Thanks to Robinson and people like Andrew Churches (2008) who reformulated Bloom’s Taxonomy for the digital age, creativity is now seen as an essential 21st century set of skills alongside those of literacy, numeracy, critical thinking and collaboration. The ability to adapt and remix, make, publish, build and construct are considered valuable higher order skills in the classroom but also increasingly in the workplace. A 2014 Adobe study of over 1000 hiring managers found that 94% look for evidence of creativity in job applications. In the classroom both teachers and students are expected to demonstrate a degree of digital fluency when it comes to creative higher order skills. Students in particular are being encouraged to move beyond a consumer model of education and instead co-create their learning experiences while as educators we are being told we should provide opportunities for our students to demonstrate multiple means of action, expression and communication.

The Digital Media Creator (DMC) Program

In EdTech our response to the need for more more creativity in the classroom and online has been to offer a program of professional development which we call Digital Media Creator. There are six modules: one a month from September through to March, focusing on creative practices such as podcasting, video production, screencasting and using cartoons/comics in teaching. We also offer an intensive DMC ‘boot camp’ where we cover all six modules in one week around NID time in early May. Each session is 90 mins long with an additional 30 mins “stay and play.” We aim to create an informal, stimulating and supportive learning environment in which to develop your creative skills, and we help you to create digital artefacts that you can use in your teaching. While we encourage you to sign up for all six modules you can also sign up for them individually depending on your interests and skill levels if you wish. Spots fill up quickly so you need to move fast!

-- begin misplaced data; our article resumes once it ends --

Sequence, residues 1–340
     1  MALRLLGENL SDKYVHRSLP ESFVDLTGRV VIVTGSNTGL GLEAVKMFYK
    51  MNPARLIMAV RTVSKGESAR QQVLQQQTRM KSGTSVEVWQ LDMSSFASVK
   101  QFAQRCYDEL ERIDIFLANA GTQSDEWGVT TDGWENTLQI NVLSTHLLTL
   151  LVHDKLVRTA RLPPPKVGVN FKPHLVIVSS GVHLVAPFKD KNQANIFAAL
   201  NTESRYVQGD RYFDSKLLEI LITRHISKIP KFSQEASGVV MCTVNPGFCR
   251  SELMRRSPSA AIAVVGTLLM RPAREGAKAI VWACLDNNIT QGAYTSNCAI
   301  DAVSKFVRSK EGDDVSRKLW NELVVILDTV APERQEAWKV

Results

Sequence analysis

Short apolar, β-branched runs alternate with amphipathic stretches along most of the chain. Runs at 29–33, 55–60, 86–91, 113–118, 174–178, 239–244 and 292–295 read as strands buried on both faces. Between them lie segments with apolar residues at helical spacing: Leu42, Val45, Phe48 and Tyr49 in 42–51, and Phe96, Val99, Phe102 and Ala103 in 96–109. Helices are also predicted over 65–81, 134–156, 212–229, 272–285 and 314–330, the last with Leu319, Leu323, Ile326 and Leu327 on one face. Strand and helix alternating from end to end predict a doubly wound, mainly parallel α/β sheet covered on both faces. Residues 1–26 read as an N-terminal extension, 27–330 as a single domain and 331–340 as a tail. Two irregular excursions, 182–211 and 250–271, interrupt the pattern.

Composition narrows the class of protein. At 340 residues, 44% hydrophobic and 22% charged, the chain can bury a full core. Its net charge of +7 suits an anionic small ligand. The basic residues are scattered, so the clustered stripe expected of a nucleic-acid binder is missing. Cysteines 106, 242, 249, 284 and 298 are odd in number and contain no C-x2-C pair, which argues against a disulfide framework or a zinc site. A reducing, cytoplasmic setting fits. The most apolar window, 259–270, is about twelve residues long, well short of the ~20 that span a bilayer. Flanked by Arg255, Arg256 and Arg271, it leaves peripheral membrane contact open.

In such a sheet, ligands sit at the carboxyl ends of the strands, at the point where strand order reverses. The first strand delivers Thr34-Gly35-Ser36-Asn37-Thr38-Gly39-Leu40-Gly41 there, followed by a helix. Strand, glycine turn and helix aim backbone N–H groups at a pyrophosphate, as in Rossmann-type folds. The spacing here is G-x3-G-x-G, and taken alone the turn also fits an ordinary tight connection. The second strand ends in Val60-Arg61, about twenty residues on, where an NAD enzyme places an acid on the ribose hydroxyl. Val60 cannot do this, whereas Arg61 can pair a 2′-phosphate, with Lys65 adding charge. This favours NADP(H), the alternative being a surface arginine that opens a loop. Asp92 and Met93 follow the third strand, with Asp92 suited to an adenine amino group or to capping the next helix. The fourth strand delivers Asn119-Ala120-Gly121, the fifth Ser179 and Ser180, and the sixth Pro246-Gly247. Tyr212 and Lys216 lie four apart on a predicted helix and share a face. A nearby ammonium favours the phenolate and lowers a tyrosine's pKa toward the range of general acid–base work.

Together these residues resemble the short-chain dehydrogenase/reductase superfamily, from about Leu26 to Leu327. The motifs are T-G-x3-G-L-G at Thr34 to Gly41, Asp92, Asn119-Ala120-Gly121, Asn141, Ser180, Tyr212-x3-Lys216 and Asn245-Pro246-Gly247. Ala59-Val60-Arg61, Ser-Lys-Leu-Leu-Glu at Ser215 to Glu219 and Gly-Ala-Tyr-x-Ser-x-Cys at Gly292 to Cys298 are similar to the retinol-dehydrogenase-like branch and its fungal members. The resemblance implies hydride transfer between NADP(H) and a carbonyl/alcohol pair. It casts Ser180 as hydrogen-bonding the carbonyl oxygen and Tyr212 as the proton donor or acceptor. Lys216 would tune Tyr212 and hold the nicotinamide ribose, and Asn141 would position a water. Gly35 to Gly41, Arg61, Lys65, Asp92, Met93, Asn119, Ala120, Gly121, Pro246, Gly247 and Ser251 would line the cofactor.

Register for the DMC here

DMC 2019

 

 

 

 

 

 

 

 

 

 

 


 

References:

Adobe (2014) ‘Study reveals students lack the necessary skills for success.’ https://blogs.adobe.com/education/2014/09/29/study-reveals-students-lack-the-necessary-skills-for-success/ (retrieved September 04, 2019)